Finally, I have no problem saying to project managers that a job is shoddy since I don't consider these people as my "fellow translators" but as incompetent amateurs. This may sound harsh but these people are damaging the profession and dragging it down. They obviously should be doing something else, which is anything but translation. I haven't proofread in a while and am far from missing this ungrateful activity. Someone is responsible for these nasty translations and it ends up being your job to save the day (and rescue the agency's reputation). 
Don't let this happen. Ask yourself : does this agency deserves to be saved or shall it pay for its avidity and loose their client? If you find a collaborator seriously incompetent, say it (and justify it!). They are probably taking the place of someone who is actually qualified but asking for a fair rate. There are always interesting returns after these complaints, such as "you're not the first one to complain", "that's a non professional's work", "one of the client's employee" and so on...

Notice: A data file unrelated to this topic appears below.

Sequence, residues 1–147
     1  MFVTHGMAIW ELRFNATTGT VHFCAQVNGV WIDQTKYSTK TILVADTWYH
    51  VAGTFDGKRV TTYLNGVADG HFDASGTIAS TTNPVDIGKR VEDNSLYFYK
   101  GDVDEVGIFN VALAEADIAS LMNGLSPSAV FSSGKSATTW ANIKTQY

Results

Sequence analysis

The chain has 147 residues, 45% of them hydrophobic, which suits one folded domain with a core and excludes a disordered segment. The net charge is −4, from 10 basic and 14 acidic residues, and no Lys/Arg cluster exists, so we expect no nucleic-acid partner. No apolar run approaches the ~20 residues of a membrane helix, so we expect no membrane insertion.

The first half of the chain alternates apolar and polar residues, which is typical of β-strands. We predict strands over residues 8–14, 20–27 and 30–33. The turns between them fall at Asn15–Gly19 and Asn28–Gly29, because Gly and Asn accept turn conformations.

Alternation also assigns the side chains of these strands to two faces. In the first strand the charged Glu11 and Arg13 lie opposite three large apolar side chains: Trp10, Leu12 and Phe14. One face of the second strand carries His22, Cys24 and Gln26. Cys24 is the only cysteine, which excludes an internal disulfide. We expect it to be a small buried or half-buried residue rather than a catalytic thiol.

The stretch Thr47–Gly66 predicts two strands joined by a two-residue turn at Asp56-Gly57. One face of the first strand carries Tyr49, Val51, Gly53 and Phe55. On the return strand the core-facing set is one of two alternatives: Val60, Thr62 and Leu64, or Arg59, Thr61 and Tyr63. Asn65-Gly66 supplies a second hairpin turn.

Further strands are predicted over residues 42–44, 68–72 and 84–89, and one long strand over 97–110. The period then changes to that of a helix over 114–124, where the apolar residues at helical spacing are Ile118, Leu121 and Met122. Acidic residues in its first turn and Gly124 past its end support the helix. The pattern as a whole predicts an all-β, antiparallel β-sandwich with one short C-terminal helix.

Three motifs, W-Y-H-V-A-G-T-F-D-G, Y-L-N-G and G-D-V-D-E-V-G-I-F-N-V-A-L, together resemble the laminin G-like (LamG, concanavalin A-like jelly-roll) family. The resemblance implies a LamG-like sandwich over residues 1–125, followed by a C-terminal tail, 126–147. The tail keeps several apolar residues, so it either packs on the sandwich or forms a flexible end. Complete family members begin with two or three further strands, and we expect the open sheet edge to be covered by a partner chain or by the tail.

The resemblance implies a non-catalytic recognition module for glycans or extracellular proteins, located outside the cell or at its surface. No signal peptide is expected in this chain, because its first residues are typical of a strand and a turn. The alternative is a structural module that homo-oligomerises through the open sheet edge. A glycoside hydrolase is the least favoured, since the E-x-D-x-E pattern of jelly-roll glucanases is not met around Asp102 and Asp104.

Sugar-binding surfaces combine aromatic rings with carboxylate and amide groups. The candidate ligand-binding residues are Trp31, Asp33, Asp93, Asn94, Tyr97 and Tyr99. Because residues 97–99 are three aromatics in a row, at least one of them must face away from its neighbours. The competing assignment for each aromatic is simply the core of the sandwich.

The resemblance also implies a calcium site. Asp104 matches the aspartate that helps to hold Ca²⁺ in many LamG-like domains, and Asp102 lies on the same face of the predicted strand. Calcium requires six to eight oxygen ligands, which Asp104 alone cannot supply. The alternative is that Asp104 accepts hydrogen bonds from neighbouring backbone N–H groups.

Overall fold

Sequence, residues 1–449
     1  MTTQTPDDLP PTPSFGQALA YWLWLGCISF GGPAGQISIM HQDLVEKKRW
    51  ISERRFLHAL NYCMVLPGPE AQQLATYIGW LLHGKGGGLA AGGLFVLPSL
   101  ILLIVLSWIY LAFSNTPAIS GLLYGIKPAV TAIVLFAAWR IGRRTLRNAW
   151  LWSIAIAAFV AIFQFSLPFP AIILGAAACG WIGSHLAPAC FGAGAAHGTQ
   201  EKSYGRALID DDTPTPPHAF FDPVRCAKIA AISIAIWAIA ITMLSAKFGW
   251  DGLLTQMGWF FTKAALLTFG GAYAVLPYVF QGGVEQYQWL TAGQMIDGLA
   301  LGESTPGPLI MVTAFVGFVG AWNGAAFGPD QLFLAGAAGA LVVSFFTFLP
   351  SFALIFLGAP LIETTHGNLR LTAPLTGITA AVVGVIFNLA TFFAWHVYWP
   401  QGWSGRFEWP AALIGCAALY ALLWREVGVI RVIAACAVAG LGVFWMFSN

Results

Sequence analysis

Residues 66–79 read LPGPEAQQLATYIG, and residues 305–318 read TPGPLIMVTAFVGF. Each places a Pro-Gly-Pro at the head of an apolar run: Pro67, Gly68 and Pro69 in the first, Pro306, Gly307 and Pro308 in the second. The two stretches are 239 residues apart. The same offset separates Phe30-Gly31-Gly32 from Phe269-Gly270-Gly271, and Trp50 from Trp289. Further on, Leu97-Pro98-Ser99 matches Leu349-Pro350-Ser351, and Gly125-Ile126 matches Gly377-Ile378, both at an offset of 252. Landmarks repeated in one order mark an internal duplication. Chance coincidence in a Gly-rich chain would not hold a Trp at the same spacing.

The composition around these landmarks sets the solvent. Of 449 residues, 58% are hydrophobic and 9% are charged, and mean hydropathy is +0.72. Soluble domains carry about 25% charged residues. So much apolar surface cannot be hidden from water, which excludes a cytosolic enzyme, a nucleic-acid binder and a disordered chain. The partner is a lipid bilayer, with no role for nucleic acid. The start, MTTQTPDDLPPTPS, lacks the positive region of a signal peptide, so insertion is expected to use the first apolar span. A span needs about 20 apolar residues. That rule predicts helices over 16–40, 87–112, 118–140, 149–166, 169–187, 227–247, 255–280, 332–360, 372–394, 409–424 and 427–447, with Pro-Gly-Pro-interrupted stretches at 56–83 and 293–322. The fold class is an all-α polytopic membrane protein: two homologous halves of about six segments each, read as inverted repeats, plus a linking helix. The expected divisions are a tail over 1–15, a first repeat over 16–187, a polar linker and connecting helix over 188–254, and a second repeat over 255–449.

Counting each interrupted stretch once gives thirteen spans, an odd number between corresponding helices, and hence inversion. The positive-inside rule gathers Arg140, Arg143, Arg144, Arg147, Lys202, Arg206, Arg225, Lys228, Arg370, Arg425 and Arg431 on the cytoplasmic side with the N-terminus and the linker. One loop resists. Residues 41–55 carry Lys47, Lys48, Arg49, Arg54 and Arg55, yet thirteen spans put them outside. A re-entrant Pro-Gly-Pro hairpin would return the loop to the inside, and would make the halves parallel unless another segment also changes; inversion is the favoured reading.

Very negative blogs solely focusing on them (lots to say):
http://transperfect-translations-concerns.blogspot.ie/
http://robertdenoia-hr.blogspot.se/2010/03/transperfect-translations-3-park-avenue.html 
Read more about Transperfect on LinkedIn
Read more on Transperfect on Ripoff report
Interesting article about Transperfect :
http://segnodicaino.blogspot.se/2010/04/transperfect-translations-not-quite-so.html

18 comments:

Michal Pober said...
This comment has been removed by a blog administrator.
Anonymous said...

We are currently awaiting confirmation of a very large job for Transperfect (we've previously done 3 or 4 small ones without any problems arising). After reading this we will be thinking again about accepting a large chunk of a 1000 page job.. sur TRANSPERFECT's redefinition of proofreading
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Translationethics said...

Sorry Michal for the glitch, I cancelled your comment by accident so I added it underneath. Thanks for posting ;)

Anonymous said...